One-way analysis of variance was used to examine the relationships among tree density, total basal area, number and percentage of C. lanceolata trees, species richness (number of tree species per 1000 m2), and species diversity (the Simpson index and the Shannon-Wiener function) in relation to forest tenure. A series of Tukey’s Honestly Significant Difference tests were performed to evaluate the group differences among the transect means of each parameter grouped by village (n = 3) and forest tenure type (n = 9).
The results of the one-way analysis of variance showed that tree density per transect was not significantly different among villages or forest tenure types (Table 1). Basal area per transect was also not significantly different among collective, state, and household forests, although significant differences (P < 0.05) were found among villages for collective forests. Both the number and the percentage of C. lanceolata trees, however, varied significantly (P < 0.05) among forest tenure types but not among villages. C. lanceolata density (total number within a given area) and relative abundance to other species (percentage) were highest in household forests, followed by state forests and then collective forests.
Density, basal area, species richness, and diversity by forest tenure type and village.
Tree species diversity and richness
Tree species diversity varied significantly between both tenure types and villages (P < 0.05), but there were no significant differences among villages within a single tenure type (Table 1). Both the Simpson index and the Shannon-Wiener function showed significant differences among tenure types but not among villages. The Simpson index showed collective forests had the most tree species diversity, followed by state forests and then household forests. The Shannon-Wiener function showed significantly lower diversity in household forests but no significant differences between state and collective forests.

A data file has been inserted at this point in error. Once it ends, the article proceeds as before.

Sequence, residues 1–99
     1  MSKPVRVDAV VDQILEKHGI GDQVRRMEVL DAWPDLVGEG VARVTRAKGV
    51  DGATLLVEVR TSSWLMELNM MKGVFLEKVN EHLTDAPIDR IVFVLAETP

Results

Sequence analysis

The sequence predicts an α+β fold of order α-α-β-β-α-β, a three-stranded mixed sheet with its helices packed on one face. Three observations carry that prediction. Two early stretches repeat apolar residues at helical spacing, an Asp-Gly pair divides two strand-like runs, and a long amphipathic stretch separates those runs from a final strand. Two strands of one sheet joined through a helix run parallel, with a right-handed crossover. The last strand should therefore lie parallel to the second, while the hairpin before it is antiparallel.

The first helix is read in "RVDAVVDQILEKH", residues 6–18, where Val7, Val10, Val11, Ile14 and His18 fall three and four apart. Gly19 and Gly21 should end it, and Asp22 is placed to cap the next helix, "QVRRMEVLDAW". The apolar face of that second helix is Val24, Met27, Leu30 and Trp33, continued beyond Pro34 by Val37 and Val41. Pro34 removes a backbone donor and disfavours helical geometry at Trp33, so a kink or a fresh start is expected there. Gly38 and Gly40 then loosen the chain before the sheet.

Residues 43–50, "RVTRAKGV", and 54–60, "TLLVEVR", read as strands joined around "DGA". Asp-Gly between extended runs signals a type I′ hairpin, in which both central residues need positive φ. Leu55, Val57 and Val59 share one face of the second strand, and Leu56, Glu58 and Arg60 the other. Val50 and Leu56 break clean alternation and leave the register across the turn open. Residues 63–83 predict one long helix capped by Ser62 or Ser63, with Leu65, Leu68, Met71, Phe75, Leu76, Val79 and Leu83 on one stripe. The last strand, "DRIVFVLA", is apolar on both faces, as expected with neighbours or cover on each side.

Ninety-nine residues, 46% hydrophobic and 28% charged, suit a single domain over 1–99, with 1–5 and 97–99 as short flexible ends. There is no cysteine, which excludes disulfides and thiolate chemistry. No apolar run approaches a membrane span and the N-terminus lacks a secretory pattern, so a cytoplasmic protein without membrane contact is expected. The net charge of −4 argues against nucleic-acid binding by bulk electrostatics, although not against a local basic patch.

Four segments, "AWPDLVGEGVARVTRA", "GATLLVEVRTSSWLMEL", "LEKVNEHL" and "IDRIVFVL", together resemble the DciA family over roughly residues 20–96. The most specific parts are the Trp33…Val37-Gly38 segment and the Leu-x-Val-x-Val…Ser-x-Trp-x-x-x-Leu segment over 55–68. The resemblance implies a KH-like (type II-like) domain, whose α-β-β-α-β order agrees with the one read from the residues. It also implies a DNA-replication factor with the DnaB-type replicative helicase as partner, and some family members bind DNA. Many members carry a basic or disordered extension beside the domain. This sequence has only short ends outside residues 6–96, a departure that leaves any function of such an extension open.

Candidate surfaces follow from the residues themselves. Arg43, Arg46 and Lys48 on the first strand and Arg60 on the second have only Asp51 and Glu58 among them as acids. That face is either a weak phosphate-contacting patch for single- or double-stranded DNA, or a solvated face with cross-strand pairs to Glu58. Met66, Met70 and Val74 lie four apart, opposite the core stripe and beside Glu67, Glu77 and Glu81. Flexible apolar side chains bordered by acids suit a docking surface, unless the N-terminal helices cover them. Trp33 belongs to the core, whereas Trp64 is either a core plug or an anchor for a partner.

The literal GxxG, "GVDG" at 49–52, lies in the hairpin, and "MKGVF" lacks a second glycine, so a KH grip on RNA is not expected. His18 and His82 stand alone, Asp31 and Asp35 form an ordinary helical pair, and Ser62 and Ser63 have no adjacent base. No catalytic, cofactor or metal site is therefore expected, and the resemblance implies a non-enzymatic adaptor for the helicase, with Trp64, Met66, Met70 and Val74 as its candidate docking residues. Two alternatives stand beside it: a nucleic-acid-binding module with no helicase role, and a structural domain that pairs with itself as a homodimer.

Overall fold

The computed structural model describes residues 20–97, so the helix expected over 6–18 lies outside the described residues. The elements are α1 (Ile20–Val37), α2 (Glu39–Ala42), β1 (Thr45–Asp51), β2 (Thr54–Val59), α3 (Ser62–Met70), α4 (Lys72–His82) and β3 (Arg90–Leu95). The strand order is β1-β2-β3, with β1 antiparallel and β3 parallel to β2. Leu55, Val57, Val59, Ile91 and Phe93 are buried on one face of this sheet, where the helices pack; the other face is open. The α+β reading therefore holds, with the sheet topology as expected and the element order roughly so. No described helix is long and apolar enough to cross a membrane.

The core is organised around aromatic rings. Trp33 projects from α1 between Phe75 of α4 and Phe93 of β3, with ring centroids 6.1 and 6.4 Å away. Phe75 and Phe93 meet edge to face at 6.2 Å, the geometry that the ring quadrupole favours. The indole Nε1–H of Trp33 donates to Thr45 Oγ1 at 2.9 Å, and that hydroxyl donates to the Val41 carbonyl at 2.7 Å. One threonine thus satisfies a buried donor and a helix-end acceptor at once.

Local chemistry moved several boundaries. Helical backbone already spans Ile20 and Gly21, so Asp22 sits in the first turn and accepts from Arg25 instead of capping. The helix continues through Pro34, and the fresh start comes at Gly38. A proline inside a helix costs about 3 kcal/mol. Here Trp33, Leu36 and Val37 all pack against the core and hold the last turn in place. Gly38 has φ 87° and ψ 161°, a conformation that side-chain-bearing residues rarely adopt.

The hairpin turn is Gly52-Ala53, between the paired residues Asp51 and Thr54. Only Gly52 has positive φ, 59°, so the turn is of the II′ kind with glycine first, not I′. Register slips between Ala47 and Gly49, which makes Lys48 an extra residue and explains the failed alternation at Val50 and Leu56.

With regard to species richness, the number of tree species per transect was significantly lower in household forests than in state and collective forests; no significant difference was found between state and collective forests in terms of the number of tree species.
The diameter distributions of the trees in all 3 types of forest tenure exhibited a greater number of individuals in the smaller size classes than the larger classes; that is, they conform to a negative exponential or inverse-J distribution (Figure 2). In both state and collective forests, the proportion of C. lanceolata stems varied from class to class, with higher percentages characteristically occurring in the larger-diameter (≥20 cm DBH) classes; the smaller classes were dominated by broadleaf and pine species. In household forests, numbers of C. lanceolata far exceeded those of other tree species in all diameter classes.
The distribution of basal area by diameter class was essentially bell shaped for all 3 tenure types, with the distribution of C. lanceolata basal area in household forests skewed slightly toward the smaller (≤20 cm DBH) classes. In terms of total basal area, forests under all 3 types of tenure were dominated by trees of 15.0–30.0 cm DBH, with most diameter classes containing more C. lanceolata than broadleaf or pine tree basal area. Although C. lanceolata presented higher basal areas than all other tree species in every tenure regime, this pattern was especially notable in household forests, where C. lanceolata predominated in all basal area classes.